Jason Collins is in

Gary A. Vasquez-USA TODAY Sports

Even as he made sports history, Jason Collins just did his job.

LOS ANGELES -- What I can tell you for sure is that no one was really talking about it. Even in the middle of this lost night-terror of a season, the streets around the Staples Center and the bars in downtown were talking about the Lakers. They were not talking about the historic aspect of what wound up being the team's 37th loss of the season. The streets were flecked with gold jerseys and thick with them closer to the arena, and I was listening for it because I didn't know what it would sound like.

But I didn't hear anything out of the ordinary. I heard Lakers fans bitch about Pau Gasol and their bosses and significant others, and heard them call Jordan Farmar and Nick Young by their first names. No one called Kent Bazemore "Bazed God" -- I mean, there was me, but I don't count -- but there's time for that.

No one at or around this Lakers game seemed especially upset or excited or really any type of way about Jason Collins becoming the first openly gay man to play in an NBA game. All of which makes sense: For all the thousands of conversations at and around NBA games, precious few involve the veteran pick-setting big that the visiting team has just signed to a 10-day contract.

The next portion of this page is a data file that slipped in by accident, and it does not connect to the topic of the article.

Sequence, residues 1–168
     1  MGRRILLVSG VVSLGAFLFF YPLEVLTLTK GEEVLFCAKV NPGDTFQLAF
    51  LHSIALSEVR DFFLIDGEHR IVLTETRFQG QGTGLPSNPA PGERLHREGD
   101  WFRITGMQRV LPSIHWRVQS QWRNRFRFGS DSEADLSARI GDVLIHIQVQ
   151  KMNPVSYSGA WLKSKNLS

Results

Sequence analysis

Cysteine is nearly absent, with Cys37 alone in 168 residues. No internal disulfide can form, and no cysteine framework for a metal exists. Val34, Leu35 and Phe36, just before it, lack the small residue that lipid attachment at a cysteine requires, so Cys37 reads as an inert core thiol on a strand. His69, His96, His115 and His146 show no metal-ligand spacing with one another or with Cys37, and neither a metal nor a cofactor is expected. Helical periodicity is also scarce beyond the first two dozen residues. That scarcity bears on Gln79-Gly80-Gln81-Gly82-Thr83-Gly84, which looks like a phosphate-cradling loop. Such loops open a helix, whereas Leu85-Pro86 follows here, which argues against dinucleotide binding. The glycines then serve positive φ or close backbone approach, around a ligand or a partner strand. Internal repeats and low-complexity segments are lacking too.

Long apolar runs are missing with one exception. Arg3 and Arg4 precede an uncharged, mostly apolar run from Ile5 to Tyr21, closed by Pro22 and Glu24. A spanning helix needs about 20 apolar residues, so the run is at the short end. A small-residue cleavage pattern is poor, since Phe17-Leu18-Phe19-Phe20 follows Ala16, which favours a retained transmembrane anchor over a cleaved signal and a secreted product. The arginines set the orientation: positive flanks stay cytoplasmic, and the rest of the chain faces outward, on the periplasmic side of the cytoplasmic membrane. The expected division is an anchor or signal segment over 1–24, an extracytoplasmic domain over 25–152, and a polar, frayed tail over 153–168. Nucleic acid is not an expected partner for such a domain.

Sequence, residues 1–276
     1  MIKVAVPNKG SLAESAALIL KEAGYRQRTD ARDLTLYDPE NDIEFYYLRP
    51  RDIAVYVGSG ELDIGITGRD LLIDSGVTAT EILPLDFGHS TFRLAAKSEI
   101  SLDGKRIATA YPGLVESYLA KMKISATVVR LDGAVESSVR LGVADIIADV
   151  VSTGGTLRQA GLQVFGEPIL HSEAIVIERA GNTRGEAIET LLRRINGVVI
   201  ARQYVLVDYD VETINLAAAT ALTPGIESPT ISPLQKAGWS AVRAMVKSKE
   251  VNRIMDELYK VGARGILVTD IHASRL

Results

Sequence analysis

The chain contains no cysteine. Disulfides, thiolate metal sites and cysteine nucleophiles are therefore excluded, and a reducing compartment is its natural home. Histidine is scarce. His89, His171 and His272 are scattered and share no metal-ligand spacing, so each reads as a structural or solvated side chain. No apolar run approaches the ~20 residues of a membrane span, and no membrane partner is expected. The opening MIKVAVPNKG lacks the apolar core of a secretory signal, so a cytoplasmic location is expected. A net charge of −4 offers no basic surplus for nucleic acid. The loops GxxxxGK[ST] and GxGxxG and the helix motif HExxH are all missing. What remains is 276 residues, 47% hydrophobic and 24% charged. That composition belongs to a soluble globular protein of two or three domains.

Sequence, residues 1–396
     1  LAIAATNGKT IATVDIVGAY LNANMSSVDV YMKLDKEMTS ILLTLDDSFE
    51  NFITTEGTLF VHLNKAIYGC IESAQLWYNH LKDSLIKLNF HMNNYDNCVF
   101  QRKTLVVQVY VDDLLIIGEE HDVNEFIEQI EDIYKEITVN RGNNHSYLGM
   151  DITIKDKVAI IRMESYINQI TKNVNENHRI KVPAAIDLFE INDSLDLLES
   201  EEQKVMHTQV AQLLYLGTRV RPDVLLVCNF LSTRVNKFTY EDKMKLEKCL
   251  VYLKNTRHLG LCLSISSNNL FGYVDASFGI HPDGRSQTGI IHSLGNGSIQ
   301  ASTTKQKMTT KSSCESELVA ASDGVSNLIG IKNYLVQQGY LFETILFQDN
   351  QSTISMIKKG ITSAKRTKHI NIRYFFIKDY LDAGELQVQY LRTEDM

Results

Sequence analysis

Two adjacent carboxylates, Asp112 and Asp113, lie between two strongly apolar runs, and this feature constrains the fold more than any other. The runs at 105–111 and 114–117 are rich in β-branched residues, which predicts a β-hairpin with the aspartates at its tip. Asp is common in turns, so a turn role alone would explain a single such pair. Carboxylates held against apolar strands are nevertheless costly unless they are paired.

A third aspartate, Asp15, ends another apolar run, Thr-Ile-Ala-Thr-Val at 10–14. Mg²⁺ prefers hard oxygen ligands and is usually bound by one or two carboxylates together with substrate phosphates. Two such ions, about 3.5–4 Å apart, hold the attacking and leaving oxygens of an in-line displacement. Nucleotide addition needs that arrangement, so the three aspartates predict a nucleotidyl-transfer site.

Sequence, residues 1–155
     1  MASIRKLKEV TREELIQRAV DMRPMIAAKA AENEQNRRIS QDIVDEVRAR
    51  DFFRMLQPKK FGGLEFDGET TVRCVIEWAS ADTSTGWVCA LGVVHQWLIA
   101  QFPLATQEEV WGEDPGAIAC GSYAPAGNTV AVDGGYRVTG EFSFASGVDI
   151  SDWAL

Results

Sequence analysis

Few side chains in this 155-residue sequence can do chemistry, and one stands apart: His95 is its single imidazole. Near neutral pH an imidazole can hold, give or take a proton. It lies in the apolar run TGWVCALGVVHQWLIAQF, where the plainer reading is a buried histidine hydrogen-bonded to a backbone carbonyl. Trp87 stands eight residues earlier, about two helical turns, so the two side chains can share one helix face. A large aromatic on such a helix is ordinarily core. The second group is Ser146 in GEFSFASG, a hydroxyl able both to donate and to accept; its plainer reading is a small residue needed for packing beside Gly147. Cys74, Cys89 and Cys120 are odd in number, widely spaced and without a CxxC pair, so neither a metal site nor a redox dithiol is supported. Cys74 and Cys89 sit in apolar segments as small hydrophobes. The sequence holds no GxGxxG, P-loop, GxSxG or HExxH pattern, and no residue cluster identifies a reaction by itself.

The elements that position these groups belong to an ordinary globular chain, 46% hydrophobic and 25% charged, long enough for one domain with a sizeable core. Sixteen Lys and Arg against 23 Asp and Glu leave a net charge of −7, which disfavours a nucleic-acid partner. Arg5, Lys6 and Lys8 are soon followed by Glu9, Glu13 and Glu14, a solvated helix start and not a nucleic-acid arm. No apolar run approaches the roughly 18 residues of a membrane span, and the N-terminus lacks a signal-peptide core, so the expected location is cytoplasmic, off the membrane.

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The work that Jason Collins does is not the sort of thing basketball fans talk about. Collins was there on Sunday night, as he has been for his entire long career, to give some fouls and set some picks and play the sort of humbly virtuosic defense he plays. When he does all that right, as he generally does, his work on the court is visible only in a sort of intentional absence -- in negative space surrounding someone else's success, in what and who Collins displaces to make other things happen for his teammates.